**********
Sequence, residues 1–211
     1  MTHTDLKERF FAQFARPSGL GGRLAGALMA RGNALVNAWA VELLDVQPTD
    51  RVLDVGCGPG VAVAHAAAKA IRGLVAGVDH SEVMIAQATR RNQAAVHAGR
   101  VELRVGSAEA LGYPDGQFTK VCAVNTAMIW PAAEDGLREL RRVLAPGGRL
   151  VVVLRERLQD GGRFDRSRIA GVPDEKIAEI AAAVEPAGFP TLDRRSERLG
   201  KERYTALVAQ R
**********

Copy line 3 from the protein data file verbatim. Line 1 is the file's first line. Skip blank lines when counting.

    51  RVLDVGCGPG VAVAHAAAKA IRGLVAGVDH SEVMIAQATR RNQAAVHAGR